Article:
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How Resalers Pass it on wisely to help save the Earth, by TGtbT.comPass It On ... Wisely!

Send your donations, expired consignments, and unsold merchandise to where they will do some good.

Resalers just can't STAND to let perfectly-good things go to waste. Even when they aren't saleable, there's still a lot of use left in so many things we come across. But often our local charities have a limit on what they can handle, and there are things that simply cannot be passed on with enough efficiency by them.  

So what do you do? Look for sources which need what you have to give. Yes, it's a little more trouble than bundling everything up willy-nilly, but our world is worth it!

Finding a worthwhile charity to redistribute items in a responsible manner:

Don't supply your competitors. Letting other retail outlets present merchandise that was once on your sales floor could well damage both your reputation and your sales. (This point is examined more deeply in the Manual.) Use, instead, free clothing/ home goods pantries in your area. 

When dealing with charities, if you do not know them, look them up. Try Charity Navigator

Do not burden your charities. Handling and disposing of unusable items costs time, effort and money. Make sure they want the specific items before you send them. Just like your shop, they can be overwhelmed with what is, basically, trash. You know it, they know it. Sometimes, things really are ready for the trash heap.

Make sure you agree with the charity's mission and approach. No sense helping groups with whom you disagree. 

What do YOU want to Pass On... Wisely?

Clothing: Clothes that can be worn to work are always needed. Some web sites to steer you in the right direction: career development nonprofits member shops locations and Dress for Success
Shoes: Wearable, just not terribly saleable, shoes? Soles4Souls distributes them.
Furs: Wildlife rehabilitation centers use furs to comfort wild animals in their care. Contact local groups, or participate in Buffalo Exchange's Coats for Cubs yearly.

Electronic Goods and Cell Phones: Use the search boxes on Earth 911, entering what you have to pass on, and what zip code you are in. If you have computers, printers, back-up drives, scanners, digital cameras, photo copiers, and multi-media equipment, ask if a local school can use them. If possible, it's nice to send someone over to the school who can set it up. If you cannot find a local group (remember, transportation can add to the cost of recycling...and of course to the cost to the environment!) check the EPA's eCycling Links.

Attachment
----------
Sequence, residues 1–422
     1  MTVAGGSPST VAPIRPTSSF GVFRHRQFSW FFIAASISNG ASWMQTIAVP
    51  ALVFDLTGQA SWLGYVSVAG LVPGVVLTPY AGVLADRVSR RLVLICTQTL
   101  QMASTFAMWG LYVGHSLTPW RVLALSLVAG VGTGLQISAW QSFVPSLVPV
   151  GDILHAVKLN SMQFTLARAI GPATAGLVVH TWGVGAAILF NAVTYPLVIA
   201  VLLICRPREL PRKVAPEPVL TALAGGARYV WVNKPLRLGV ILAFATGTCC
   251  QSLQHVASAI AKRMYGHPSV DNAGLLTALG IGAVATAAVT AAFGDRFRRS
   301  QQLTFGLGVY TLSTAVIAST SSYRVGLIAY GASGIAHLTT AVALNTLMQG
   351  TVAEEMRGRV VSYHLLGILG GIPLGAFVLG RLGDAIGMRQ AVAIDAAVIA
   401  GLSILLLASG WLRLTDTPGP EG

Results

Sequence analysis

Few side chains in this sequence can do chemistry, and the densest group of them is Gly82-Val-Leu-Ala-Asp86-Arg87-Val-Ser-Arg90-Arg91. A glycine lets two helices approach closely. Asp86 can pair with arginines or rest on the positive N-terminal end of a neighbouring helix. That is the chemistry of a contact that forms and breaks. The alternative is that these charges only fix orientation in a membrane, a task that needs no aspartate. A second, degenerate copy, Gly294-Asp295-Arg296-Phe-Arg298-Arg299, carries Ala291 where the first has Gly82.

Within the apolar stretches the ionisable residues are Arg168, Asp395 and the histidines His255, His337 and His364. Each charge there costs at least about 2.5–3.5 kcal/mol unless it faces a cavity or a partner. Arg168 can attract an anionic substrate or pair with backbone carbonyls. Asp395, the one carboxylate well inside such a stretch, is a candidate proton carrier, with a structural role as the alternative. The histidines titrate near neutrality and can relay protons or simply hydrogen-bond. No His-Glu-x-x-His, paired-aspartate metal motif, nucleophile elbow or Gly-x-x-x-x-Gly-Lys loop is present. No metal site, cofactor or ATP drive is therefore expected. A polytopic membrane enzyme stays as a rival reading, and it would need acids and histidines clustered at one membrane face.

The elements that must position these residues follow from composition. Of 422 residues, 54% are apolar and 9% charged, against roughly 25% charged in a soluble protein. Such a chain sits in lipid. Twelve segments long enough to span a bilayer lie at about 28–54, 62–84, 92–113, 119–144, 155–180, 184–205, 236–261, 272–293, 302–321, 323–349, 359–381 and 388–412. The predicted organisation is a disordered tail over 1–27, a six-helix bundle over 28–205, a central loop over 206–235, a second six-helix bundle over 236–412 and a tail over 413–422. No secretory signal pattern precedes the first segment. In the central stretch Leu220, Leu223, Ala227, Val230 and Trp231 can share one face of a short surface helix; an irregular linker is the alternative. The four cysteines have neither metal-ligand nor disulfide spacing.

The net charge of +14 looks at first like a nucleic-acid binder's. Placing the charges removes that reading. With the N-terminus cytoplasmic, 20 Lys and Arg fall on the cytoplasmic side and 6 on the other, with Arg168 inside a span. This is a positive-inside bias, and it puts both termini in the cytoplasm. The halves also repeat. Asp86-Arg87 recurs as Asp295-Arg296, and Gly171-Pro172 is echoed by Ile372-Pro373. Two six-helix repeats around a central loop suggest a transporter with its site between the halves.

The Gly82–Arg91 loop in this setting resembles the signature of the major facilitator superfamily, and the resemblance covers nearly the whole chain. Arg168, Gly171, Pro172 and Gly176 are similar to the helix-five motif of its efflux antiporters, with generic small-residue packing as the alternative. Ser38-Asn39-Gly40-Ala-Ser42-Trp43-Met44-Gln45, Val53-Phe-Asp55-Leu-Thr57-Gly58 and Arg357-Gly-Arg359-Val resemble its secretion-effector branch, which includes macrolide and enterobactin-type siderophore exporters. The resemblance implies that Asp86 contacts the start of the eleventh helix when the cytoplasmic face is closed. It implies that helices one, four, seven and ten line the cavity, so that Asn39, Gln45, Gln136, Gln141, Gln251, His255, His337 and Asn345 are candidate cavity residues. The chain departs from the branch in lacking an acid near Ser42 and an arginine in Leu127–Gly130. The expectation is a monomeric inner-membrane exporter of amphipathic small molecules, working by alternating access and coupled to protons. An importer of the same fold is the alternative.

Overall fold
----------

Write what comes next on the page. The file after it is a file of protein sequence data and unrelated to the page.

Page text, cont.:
Books: Your local library probably has a Friends of the Library Book Store or Sale. Boys and Girls Clubs often have libraries, if you have suitable books. Check Adopt-a-Library for libraries further afield. By donating coloring books to local emergency rooms, you can make a difference to a frightened child (be a sport and include crayons).

Eyeglasses: Most Lions' Clubs collect glasses of any prescription for redistribution.

Fixtures, equipment, and so on: Try FreeCycle, whose motto is "Changing the World one Gift at a Time". Join, and post what you have to give away. A great way to find an individual who needs just exactly what you have, and also, to look for something you might need. No selling, just gifting.

Household Linens: Towels and sheets can be used by almost any homeless shelter. If they are more tattered, try the animal shelter, which always needs bedding material.

Prom dresses, bridal gowns and accessories: Most prom-dress free/low-cost events are local; talk to your neighborhood's high schools to see if there's one you can help with. Donate wedding gowns to Brides Across America to help a military bride be beautiful. Severely outdated gowns can possibly be used or re-worked into theatrical costumes by your local amateur theater groups.

Suitcases, duffel bags, backpacks: Check local foster care agencies. A nice suitcase for his or her possessions can give a foster child a little more pride and self-confidence.

Wire hangers: As resalers, we get a lot of these. If your local dry-cleaner won't take them, here's a conscious-raising and word-of-mouth idea for your clientele: Go to Make Stuff for ideas on how to use them up...great suggestions that you could make into a customer service brochure for your clientele. Another alternative is to bundle them prettily with curling ribbon and your business card as a gift to buyers or an incentive to potential consignors.

Bag Sales, Dollar Racks & BOGO Deals from Too Good to be ThrewAn alternative: Raise CASH for your charity.  So many charities need things we cannot supply directly: baby formula, rent money, cleaning supplies. Have a Bag Sale, Dollar Rack, or "Name your price" event in your shop or borrowed space: Consider managing and manning a rummage sale with your (and your resale peers') unsaleables and donating the proceeds. 

Often, the charity can help publicize the event and provide manpower for transport, set-up, selling, and clean-up. You donate your merchandise, time, and talents, and your town wins. What could be better? TGtbT's Bag Sales, Dollar Sales, and BOGO Deals can help you raise the maximum amount from your cast-offs.

TGtbT.com is the premier web site for professional resalers. Start a consignment, resale or thrift store with free articles and Products for the Professional Resaler here on Too Good to be Threw. Want to know how to open a consignment shop, do a business plan, operate your shop, consignment software and selling secondhand clothes, upscale designer fashions, children's gear or used furniture? Consignment shops, resale stores, thrift stores & consignment sales use Too Good to be Threw. As a consignment consultant and two-award winner and lifelong member of NARTS, Kate Holmes creates all information and Products 
specifically for the resale industry
.

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